Ten years since a major hurricane landfall, longest in recorded history
One day before the 10 year anniversary of the last major hurricane (category 3+) to make landfall in the United States, Mexico is being absolutely inundated by Hurricane Patricia. Patricia is the most powerful storm on record in the western hemisphere according to the National Hurricane Center. At the time of this writing, Patricia has 200+mph winds and a pressure of only 880mb.
Luckily, we haven’t seen a storm near this magnitude for quite some time. Following an extremely active hurricane season in 2005, the US has experienced quite a dry spell in major hurricane landfalls. While there have been some significant landfalls including Gustav, Ike, Isaac and Sandy, the United States has not experienced a major hurricane landfall since Wilma hit Florida on October 24th, 2005.
According to data from the Hurricane Research Division of the Atlantic Oceanographic and Meteorological Laboratory, this is the longest stretch of time in recorded meteorological history in which the US has not experienced a major hurricane landfall.
It's rare to reach the "W" on the annual list of hurricane names. The fact that Wilma reached category 5 strength is even less common. In fact, Wilma is the only retired "W" name.
Many expected the 2005 season to be the new "norm," but as recent history has shown, it is hard to predict exactly what a hurricane season will yield. Hurricane Season 2005 brought us 28 storms. When considering the Accumulated Cyclone Energy Index (ACE), the only other season comparable to 2005 was 1933, which included 20 storms, six of which were major hurricanes.
The 2005 season is ranked second behind 1933 when considering the ACE.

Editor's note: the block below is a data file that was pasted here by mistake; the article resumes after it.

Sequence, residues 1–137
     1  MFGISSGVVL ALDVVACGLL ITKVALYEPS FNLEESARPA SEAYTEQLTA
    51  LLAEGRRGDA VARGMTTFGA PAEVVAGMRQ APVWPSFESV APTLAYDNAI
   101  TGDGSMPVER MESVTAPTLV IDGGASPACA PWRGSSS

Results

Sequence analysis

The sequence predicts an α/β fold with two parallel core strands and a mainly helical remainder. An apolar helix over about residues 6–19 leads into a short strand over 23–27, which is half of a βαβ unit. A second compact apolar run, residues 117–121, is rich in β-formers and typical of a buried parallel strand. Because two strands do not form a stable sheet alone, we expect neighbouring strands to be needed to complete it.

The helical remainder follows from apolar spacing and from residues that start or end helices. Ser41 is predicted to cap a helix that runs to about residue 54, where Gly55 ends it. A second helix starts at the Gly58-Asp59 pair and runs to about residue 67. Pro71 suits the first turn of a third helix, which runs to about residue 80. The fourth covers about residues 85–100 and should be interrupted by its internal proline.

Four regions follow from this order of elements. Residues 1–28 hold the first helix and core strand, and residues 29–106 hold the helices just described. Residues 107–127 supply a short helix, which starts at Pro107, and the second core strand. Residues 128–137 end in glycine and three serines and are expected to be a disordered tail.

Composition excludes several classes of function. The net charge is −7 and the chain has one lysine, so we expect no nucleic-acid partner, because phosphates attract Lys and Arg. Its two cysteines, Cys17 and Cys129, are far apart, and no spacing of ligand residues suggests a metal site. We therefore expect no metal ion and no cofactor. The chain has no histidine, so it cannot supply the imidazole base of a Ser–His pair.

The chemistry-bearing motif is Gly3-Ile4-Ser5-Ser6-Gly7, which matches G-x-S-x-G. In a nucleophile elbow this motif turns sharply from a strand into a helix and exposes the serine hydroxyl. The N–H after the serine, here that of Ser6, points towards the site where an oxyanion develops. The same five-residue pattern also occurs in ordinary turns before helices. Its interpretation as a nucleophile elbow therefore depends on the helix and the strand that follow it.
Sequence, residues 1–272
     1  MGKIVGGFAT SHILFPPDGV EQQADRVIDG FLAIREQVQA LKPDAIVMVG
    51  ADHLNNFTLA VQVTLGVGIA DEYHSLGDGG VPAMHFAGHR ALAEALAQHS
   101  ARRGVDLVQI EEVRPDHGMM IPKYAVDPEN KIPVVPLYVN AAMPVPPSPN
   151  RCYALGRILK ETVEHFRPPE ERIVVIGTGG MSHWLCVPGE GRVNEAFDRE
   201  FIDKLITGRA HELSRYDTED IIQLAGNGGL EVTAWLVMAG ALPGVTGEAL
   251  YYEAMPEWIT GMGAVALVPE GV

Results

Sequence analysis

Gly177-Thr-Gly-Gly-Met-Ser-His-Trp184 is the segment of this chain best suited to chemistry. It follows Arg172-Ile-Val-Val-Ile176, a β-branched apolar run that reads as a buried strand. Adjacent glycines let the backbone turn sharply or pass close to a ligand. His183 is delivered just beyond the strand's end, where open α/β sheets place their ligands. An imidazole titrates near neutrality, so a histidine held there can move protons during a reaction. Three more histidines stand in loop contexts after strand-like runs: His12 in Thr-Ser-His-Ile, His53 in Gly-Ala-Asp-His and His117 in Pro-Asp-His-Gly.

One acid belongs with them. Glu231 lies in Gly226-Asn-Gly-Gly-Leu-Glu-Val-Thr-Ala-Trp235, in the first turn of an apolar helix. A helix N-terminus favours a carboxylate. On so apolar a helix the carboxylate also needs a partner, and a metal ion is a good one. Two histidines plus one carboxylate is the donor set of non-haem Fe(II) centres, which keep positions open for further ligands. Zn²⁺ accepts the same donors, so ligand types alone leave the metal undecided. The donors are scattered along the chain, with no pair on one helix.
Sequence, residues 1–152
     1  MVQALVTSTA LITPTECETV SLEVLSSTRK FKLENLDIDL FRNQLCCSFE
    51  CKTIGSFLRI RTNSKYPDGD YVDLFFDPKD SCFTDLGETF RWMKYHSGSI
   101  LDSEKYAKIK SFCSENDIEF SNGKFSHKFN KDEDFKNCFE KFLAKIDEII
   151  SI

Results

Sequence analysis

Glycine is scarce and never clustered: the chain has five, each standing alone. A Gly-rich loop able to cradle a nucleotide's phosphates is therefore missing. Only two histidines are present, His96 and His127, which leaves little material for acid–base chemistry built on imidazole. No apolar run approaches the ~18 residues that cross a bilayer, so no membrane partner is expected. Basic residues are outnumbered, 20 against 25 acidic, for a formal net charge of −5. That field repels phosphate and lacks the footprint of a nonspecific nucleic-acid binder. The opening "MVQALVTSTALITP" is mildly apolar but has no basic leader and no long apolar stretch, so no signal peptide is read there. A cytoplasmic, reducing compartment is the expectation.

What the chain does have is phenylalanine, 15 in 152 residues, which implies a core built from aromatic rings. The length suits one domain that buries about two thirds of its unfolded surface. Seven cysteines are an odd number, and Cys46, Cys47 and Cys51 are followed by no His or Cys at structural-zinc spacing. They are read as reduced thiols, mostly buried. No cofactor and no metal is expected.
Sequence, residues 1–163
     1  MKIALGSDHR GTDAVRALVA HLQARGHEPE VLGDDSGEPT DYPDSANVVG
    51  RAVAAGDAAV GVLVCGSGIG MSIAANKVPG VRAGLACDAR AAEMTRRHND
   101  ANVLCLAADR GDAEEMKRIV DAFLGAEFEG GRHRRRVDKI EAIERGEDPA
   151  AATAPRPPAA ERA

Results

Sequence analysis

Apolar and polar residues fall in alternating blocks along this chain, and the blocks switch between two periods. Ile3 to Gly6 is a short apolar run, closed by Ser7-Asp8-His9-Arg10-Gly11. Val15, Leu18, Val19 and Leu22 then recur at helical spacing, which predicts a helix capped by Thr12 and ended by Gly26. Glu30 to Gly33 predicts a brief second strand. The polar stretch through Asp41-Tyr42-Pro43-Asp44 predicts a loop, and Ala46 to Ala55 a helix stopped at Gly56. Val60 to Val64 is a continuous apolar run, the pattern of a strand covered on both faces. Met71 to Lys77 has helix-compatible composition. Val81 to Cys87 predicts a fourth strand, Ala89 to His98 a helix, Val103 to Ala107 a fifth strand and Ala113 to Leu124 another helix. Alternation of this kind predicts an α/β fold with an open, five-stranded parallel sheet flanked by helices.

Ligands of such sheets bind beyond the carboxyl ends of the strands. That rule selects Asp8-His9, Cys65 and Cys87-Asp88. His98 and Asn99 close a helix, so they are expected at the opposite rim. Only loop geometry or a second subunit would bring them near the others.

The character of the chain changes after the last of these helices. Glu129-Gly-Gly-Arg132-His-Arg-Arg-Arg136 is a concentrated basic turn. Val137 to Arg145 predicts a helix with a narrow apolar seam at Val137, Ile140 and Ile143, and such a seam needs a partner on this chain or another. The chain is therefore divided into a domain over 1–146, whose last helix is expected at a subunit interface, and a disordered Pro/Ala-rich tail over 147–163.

Throughout recorded meteorological history, there has been a cyclical pattern of active and quiet periods. We also see a cyclical pattern in spatial distribution. An academic article in the American Meteorological Society's Journal of Climate by Louisiana State Climatologist Barry Keim et al. shows return periods for tropical storms and hurricanes from Texas to Maine. Not only does it show spatial distribution of tropical systems from 1901 to 2005, but also return periods of tropical systems, including return periods of major hurricanes.
In the included image from the article, one can see an increase in major hurricanes in the 1920s through the 1960s, alternating from Gulf Coast landfalls, to East Coast landfalls. Activity simmered down a bit from the late 1960s until the late 90s into the early 00s where tropical activity picked up again. It may have been relatively quiet from the 60s to the 90s, but it does not compare to the current ten year void in major landfalls.
We all know that it only takes one storm classify the year as a "bad" one, but hopefully, an 11 year stretch without a major hurricane landfall is in the making.
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